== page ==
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  • Barbara Clowdus


Revealing the unsavory path to a ‘new’ Port Salerno

The irony is unmistakable. During the same week that Martin County Commissioner Sarah Heard denounced fellow commissioners for amending the Comprehensive Growth Management Plan in a public hearing to permanently preserve 70 percent of a project’s 4,000 acres of open space in western Martin County, she’s plotting behind the scenes with developers to build a whole new city without public input.

Their plan contravenes Port Salerno’s CRA (Community Redevelopment Area) plan, thus violating the Comp Plan, with no public hearing, no resident input, and no vote taken.

Don’t believe it? Hold your judgment until you’ve read the 240 or so emails among Heard, Jupiter developer J. Corey Crowley, and Assistant County Administrator George Stokus starting in June 2022. All three convinced themselves and others that the developers’  desires follow Salerno’s CRA plan and respect this small fishing village’s history. They do not. The residents know it, but seem powerless to stop it.

Crowley’s emails even suggest to Heard to halt other CRA projects in order to increase the Salerno CRA “trust fund” pot for “bigger priorities” on the west side of the FEC tracks, where he now owns 14 properties, 12 of which he purchased since January 2022.

To that end, Crowley convinced Park Drive residents that the project to elevate the south end of their road, designed to protect their homes from storm surge and king tides, would instead cause their houses to flood. He also emailed Stokus and Heard multiple times that Crowley would sue the CRA if they “continued to bully the residents” into accepting the project.

“Once we end the Park Drive project,” Crowley tells Heard in his April 26 email, “the CRA office will have the time and money to be refocused on what is actually needed.”

Crowley got what he wanted. On June 8, Stokus told NAC members that “the administration and the commissioner” withdrew the parking project, according to minutes of the meeting, although it had been a Port Salerno priority since 2019 and strategies to add parking east of the FEC tracks had been discussed for decades.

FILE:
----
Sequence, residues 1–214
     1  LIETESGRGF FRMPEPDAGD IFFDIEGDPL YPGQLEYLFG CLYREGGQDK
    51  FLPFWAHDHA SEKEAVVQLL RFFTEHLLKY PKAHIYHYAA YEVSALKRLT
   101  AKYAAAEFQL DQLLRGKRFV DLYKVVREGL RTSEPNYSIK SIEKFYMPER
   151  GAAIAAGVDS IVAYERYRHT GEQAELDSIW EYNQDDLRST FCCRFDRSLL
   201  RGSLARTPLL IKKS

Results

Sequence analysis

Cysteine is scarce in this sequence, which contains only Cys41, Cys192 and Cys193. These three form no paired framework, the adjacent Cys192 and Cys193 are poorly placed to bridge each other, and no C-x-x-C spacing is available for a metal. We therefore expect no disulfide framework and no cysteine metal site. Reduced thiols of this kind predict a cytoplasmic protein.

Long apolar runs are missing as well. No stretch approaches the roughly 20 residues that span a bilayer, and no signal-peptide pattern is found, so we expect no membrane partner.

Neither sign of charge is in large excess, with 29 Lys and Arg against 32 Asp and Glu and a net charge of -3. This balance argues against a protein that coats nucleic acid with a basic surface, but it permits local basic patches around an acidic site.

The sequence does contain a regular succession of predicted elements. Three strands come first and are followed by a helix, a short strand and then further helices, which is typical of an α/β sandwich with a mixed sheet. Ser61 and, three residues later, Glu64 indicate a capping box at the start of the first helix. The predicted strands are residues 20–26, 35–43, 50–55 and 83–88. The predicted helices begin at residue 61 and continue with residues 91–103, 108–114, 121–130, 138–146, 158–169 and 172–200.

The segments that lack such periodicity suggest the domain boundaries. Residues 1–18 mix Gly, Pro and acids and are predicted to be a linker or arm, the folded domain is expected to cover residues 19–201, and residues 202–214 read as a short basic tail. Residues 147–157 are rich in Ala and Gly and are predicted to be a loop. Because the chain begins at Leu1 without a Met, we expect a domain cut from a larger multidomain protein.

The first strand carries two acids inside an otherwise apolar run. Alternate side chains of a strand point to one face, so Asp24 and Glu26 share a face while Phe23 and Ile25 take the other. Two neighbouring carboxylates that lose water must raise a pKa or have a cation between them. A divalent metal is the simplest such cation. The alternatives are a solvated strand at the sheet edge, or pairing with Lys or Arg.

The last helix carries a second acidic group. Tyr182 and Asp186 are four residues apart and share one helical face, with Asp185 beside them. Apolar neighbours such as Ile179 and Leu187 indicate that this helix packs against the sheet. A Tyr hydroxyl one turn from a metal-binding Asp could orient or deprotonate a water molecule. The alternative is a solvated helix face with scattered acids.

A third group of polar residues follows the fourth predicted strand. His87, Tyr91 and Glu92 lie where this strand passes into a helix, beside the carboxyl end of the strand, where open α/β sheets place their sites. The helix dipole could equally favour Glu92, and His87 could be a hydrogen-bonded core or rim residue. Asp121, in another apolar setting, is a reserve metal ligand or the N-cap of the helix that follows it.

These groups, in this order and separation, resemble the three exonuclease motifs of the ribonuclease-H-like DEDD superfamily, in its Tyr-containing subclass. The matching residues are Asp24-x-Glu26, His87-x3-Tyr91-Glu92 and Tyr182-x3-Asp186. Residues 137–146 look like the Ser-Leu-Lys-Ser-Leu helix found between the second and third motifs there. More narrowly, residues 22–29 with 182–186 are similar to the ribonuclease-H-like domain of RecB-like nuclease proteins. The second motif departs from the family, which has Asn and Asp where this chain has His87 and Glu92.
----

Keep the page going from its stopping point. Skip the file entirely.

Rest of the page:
The Salerno NAC had voted to have the parking project’s consulting engineers re-examine the plans, and the CRA Board requested they attend the May 22 CRA meeting personally to address residents’ concerns.

Both requests were ignored.


Crowley decided by December of 2022 that it was necessary “to start going around the CRA staff,” he wrote in an email Dec. 5 to Heard.

“I have been very aggressive in my communication of the opportunity (to redevelop Port Salerno) only to be met with obstacles and bureaucracy,” Crowley said in his email. “That will not change without intervention.”

The county staff had insisted on following the CRA process — ideas originate with the NAC, go to the CRA, then to the BOCC for approval. Crowley had been told repeatedly that his ideas were not Port Salerno projects, and to present them to the Neighborhood Advisory Committee for consideration.

Crowley went on to tell Heard to direct CRA Manager Susan Kores to lease the FEC railroad rights-of-way along Railway Avenue. The next day, Heard sought and received permission from the Board of County Commissioners to seek FEC leases in Port Salerno for parking. As a result, the CRA staff persuaded the NAC to add FEC leases to their list of parking concepts to investigate, although it had been considered years earlier and rejected due to cost.